The Internet Theater Magazine of Reviews, Features, Annotated Listings








Etcetera and
Short Term Listings


NYC Restaurants


New Jersey







Free Updates
Writing for Us
A CurtainUp London London Review
The Art of Concealment

One needs to be careful about the things one reveals. — Terence Rattigan
The Art of Concealment
Judy Buxton as Vera Rattigan taken at Jermyn Street Theatre (Photo: Oscar Blustin)
The Art of Concealment is about the life of the playwright Terence Rattigan. Rattigan’s plays fell out of favour in the mid 1950s when theatre went wild for Samuel Beckett and the new wave of British “angry young men” headed by John Osborne’s Look Back in Anger. But now, on the centenary of his birth in 2011, and 2012, we are seeing quality revivals of Rattigan’s work. Recast after the sold out production at Jermyn Street Theatre in January, Giles Cole’s play now comes to the Riverside Studios Hammersmith with some new cast members.

Rattigan was homosexual and for most of his life homosexuality was illegal until it was legalised for adult men in 1967. He was also from a generation that had secrets and this is often reflected in his plays with their delicate and moving descriptions of private turmoil and emotional distress. The Art of Concealment opens and closes with Rattigan’s older self (Brian Deacon) in a box at Her Majesty’s Theatre Haymarket in 1977 at the opening performance of his play Cause Célèbre as he looks back on his life.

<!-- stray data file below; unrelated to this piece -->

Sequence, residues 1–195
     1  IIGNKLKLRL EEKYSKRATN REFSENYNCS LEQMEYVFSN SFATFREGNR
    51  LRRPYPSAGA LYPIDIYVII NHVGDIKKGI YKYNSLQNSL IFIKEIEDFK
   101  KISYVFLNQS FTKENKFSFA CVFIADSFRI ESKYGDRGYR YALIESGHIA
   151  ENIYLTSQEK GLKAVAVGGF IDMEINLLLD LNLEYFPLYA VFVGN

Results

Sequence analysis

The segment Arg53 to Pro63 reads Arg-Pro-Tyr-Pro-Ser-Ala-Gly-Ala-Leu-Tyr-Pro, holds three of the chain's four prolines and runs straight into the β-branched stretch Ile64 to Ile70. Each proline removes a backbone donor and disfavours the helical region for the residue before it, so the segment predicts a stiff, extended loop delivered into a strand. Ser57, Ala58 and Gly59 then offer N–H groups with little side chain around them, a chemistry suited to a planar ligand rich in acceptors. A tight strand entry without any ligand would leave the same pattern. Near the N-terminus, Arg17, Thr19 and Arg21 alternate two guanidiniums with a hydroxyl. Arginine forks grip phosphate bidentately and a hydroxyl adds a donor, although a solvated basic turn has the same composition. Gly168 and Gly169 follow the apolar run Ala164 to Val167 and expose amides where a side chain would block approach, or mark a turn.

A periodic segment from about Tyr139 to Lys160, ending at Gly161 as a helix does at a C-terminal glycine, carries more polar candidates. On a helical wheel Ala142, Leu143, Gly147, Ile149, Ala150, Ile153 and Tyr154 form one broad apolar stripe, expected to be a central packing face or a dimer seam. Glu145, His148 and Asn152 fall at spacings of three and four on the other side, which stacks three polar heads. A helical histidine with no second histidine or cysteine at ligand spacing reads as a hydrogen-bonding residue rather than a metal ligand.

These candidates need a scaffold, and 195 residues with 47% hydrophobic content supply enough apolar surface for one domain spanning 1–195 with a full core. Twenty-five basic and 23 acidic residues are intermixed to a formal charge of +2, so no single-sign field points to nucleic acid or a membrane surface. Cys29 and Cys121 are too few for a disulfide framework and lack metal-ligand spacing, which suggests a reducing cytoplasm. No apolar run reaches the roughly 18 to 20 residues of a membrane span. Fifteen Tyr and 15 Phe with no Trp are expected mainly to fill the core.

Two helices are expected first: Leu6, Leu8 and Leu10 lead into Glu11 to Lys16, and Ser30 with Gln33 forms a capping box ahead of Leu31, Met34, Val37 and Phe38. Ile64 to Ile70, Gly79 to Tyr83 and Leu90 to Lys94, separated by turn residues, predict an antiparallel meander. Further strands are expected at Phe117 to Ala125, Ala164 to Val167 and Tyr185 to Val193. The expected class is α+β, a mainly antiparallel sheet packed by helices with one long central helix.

We meet Terence’s (Ashley Cook) womanising, diplomat father Frank (Graham Pountney) and his mother Vera (Judy Buxton) and hear about his time at Harrow School followed by Trinity College, Oxford and his first play, French Without Tears, produced when he was just 25. Most of the scenes that follow are in Rattigan’s inner circle of friends who are aware of and share his sexual orientation. There is his supporter the critic Cuthbert Worsley (Oliver Hume) and Freddie Gilmour (Graham Pountney), a friend invented for the play but based on an amalgamation of friends from Rattigan’s milieu. There is also a succession of pretty young men that Rattigan fell for, all played by Ewan Goddard.